David Thomson's "New Biographical Dictionary of Film "topped "Sight & Sound" magazine's 2010 poll of international critics and writers as the best film book of all time.
Now in its fifth edition, updated, and with more than 130 new entries from Judd Apatow to Lena Horne the classic, beloved film book is better than ever.
For thirty-five years, David Thomson's "Biographical Dictionary of Film" has been fiendishly seductive (Greil Marcus, "Rolling Stone"), the finest reference book ever written about movies (Graham Fuller, "Interview"), and not only an indispensable book about cinema, but one of the most absurdly ambitious literary achievements of our time (Geoff Dyer, "The Guardian"). For this edition, Thomson has brought up to date and in some case recast the biographies, and has added new ones (Clive Owen, Scarlett Johansson, Jake Gyllenhaal, and Marion Cotillard, for example). The book now includes almost 1,500 entries, some of them just a pungent paragraph, some of them several thousand words long, every one a gem.
Here is a great, rare book that encompasses the chaos of art, entertainment, money, vulgarity, and nonsense that we call the movies. Personal, opinionated, funny, daring, provocative, and passionate, it is the one book that every filmmaker and film buff must own, from the man David Hare called the most stimulating and thoughtful film critic now writing.
About the Author
David Thomson has taught film studies at Dartmouth College, has served on the selection committee for the New York Film Festival, and has been a regular contributor to "The Guardian, The Independent, The New York Times, The Nation, Movieline, The New Republic, "and "Salon. "His other books include " Have You Seen . . . ?: A Personal Introduction to 1,000 Films; Showman: The Life of David O. Selznick; "and three works of fiction: "Suspects, Silver Light, "and" Warren Beatty and Desert Eyes. "Thomson lives in San Francisco with his family."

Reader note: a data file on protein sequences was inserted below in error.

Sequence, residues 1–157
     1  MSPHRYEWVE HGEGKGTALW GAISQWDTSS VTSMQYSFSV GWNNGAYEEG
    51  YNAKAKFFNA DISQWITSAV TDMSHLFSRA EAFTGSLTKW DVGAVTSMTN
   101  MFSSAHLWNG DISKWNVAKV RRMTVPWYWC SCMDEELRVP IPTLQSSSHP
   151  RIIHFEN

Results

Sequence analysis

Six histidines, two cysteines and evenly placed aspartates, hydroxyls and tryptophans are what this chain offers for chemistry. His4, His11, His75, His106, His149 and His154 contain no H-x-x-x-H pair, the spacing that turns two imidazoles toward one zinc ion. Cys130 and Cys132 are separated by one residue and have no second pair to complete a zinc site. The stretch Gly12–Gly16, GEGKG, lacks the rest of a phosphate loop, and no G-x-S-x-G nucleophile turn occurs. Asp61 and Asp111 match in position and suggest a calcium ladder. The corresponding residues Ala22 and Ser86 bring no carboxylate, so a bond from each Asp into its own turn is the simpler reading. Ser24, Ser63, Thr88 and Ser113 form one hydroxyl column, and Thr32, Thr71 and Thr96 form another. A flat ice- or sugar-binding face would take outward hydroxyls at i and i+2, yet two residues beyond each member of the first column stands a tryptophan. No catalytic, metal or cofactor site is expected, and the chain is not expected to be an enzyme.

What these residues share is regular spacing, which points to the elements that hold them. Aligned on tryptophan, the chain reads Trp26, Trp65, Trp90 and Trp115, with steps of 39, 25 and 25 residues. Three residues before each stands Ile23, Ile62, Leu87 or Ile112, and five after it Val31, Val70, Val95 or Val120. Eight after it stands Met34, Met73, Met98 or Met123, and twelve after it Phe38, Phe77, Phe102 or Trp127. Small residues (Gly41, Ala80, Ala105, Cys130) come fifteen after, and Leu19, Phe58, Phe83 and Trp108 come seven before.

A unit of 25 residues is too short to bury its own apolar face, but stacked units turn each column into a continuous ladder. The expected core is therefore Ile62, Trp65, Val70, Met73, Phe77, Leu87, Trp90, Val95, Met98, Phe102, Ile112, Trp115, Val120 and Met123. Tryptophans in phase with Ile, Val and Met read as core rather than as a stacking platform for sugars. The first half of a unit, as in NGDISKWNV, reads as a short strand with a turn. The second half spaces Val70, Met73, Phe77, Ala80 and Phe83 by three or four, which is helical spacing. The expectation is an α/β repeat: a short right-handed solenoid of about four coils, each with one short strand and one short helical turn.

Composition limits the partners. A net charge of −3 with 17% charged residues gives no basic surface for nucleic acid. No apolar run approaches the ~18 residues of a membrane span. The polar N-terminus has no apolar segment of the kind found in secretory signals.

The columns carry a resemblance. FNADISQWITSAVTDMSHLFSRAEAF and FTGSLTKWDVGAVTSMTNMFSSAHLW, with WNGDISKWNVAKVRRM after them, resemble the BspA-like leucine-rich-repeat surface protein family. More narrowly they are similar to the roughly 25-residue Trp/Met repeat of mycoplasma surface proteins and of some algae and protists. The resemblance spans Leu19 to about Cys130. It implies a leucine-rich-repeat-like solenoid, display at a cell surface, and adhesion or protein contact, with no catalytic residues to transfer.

“Thomson proves anew that he is irreplaceable . . . His monologue has blossomed into an unlikely, searching dialogue about what to value in the movies—how to love what’s come before without nostalgia, and how to find the courage to demand more from the stuff being made right now . . . Deservedly treasured . . . One of the most probing accounts ever written of a human being’s engagement with the movies.” —Sarah Kerr, The New York Times Book Review
“Delicious. One of the best and most useful books written about the movies.” —Edward Guthmann, San Francisco Chronicle
“The Dictionary is not only an indispensable book about cinema, but one of the most absurdly ambitious literary achievements of our time.” —Geoff Dyer, Sight & Sound
“A marvel . . . Eccentric, audacious, sparkling . . . Probably the greatest living film critic and historian, Thomson writes the most fun and enthralling prose about the movies since Pauline Kael.” —Benjamin Schwarz, The Atlantic